Everyone knows that livestock feed shouldn’t be moldy, old or otherwise low-quality hay. What everyone may not know, however, is that feeding livestock the highest quality hay at all times isn’t necessary. In fact, in many cases doing so doesn’t make sense.
Different livestock have different requirements. For instance, cows that are lactating have different protein needs than cows that are not. A pregnant cow generally does not need the highest quality hay, whereas cows that are lactating in order to feed their calves demand more nutrients. Feeding the same hay to every cow, regardless of whether they are pregnant, lactating or none of these things, could wind up costing more than is necessary. And cows with lower nutritional needs will only end up excreting excess nutrients that other cows need.
So how should you feed livestock with varying nutritional needs? To begin, limiting the amount of access livestock have to high-quality hay can decrease the overall rate of consumption across the board. This allows all livestock access to high-quality hay, but not so much that it will exceed any animal’s nutritional needs. From there, supplements can be added to the diet of any livestock whose nutritional needs are particularly high.
If the main concern is that livestock are wasting the nutrients in high-quality hay, then it can be beneficial to provide an assortment of high- and mid-quality hay where mid-quality hay outnumbers high-quality hay. This may seem counterintuitive, but the livestock will tend to eat the lower-quality hay after consuming the higher-quality hay, which will improve how well the livestock digest the mid-quality hay. Thus, they will not overeat high-quality hay and waste the nutrients found in it, and the mid-quality hay’s nutrients will be more efficiently digested. Ultimately, this is beneficial to livestock regardless of their nutritional demands.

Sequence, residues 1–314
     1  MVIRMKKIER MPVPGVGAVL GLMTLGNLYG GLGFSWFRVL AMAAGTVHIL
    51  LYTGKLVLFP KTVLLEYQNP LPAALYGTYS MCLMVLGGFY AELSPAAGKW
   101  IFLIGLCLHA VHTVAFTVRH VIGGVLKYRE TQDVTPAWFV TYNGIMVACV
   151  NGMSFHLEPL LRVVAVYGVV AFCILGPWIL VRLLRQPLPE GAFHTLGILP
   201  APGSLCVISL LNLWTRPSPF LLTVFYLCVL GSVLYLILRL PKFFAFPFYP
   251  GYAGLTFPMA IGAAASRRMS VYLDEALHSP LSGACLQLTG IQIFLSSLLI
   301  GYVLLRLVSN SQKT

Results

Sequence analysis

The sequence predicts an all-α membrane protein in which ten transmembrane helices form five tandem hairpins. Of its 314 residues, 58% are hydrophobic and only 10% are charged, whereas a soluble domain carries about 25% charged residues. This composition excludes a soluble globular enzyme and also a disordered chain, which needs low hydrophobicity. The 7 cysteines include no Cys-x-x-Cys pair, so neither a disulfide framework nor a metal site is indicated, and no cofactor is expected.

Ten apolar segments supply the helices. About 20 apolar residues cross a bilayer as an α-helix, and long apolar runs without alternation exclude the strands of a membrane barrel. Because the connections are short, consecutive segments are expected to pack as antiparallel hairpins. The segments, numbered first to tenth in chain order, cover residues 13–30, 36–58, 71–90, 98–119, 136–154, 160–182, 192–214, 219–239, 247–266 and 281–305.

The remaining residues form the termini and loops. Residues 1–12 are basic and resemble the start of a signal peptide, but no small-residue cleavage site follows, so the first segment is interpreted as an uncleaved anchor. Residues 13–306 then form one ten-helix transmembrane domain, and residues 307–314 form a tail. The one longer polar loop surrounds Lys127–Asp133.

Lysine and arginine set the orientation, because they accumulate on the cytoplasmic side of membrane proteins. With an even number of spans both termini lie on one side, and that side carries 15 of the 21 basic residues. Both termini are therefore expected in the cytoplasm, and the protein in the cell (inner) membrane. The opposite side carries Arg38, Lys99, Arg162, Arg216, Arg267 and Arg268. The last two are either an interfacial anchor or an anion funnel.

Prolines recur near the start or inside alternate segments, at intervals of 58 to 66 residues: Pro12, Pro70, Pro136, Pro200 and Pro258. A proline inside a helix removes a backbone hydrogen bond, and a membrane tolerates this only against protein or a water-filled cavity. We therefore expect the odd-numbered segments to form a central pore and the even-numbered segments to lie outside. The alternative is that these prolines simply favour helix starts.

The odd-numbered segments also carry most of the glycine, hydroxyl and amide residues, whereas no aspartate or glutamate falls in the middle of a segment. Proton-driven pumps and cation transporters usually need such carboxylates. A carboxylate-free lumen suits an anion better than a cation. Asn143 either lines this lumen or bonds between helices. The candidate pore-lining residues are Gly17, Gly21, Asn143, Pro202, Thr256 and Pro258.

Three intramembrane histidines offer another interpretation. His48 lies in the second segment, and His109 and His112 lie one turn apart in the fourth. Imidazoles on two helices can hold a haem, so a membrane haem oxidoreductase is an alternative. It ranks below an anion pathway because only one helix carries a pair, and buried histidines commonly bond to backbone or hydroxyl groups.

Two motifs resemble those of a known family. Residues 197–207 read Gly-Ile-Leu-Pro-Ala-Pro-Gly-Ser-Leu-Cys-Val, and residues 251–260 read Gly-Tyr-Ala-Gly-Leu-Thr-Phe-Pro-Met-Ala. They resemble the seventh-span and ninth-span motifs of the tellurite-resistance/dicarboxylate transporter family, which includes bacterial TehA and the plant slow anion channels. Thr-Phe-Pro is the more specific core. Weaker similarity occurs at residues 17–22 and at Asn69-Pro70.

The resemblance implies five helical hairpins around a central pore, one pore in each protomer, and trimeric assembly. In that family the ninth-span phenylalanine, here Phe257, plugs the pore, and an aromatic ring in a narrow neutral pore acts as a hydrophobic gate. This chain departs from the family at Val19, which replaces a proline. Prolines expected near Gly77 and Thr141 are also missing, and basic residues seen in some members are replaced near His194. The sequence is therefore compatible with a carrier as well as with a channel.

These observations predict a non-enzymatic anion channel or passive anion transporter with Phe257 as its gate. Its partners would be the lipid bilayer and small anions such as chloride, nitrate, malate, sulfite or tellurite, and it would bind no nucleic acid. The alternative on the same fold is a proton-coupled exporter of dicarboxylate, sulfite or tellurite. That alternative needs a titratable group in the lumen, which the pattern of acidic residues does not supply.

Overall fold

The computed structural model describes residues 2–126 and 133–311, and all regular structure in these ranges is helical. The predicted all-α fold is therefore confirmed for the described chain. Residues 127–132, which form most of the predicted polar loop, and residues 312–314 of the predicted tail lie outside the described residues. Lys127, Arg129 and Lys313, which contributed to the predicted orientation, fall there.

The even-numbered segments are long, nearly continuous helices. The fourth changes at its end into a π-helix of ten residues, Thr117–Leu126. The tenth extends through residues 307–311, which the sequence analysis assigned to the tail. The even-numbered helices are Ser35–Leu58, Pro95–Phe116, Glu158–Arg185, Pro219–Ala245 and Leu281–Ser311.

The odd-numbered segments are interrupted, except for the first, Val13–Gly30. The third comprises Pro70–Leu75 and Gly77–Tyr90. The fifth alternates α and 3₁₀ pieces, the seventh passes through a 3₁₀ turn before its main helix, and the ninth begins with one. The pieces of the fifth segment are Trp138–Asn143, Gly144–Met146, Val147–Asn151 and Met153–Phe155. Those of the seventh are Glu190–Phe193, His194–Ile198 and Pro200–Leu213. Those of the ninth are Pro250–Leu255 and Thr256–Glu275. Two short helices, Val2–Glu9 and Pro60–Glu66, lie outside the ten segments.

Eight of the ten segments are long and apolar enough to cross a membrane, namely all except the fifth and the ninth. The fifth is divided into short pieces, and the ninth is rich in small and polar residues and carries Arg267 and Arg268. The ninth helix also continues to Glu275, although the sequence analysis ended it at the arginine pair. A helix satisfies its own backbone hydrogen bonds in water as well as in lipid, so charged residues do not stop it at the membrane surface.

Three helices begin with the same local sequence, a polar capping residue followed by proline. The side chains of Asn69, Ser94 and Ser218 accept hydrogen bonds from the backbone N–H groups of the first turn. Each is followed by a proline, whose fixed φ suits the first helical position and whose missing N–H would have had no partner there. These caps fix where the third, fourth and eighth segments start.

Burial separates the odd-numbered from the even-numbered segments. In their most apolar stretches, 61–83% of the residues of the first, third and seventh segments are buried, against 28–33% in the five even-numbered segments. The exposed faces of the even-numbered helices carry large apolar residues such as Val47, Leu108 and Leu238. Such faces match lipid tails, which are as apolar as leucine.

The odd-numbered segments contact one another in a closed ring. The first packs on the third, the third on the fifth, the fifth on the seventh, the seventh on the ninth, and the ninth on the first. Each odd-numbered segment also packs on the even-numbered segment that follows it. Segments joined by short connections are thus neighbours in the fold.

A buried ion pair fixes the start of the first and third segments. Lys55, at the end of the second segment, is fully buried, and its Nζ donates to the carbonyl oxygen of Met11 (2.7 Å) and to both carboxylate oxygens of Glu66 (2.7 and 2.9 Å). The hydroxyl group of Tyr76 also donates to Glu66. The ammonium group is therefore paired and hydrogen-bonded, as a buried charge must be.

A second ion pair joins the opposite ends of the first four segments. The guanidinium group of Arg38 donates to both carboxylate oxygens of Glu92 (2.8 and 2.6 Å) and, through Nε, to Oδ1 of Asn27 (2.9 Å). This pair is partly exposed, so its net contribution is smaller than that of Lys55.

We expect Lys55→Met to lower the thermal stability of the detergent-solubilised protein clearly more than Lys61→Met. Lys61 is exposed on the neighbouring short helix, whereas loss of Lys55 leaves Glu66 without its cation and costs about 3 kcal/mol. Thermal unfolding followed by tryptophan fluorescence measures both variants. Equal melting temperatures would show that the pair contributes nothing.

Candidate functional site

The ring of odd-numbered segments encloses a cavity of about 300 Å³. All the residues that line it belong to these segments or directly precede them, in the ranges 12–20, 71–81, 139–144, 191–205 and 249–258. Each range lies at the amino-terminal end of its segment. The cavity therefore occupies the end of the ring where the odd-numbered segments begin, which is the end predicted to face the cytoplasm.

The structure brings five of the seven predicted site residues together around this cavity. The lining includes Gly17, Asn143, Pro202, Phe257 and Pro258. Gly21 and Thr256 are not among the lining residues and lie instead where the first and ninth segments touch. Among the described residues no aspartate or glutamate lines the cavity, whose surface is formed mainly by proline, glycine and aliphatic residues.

Finally, it is possible to restrict access to hay in such a way, for example the use of a round bale feeder, that only after livestock finish a bale of hay will they be allowed access to another. The more voracious animals will end up with access to the most hay, and it is typically the livestock that eat the most hay that require the most nutrients. So while it may be true that feeding livestock is not as simple as giving all livestock equal access to the best hay, there are simple solutions to this problem.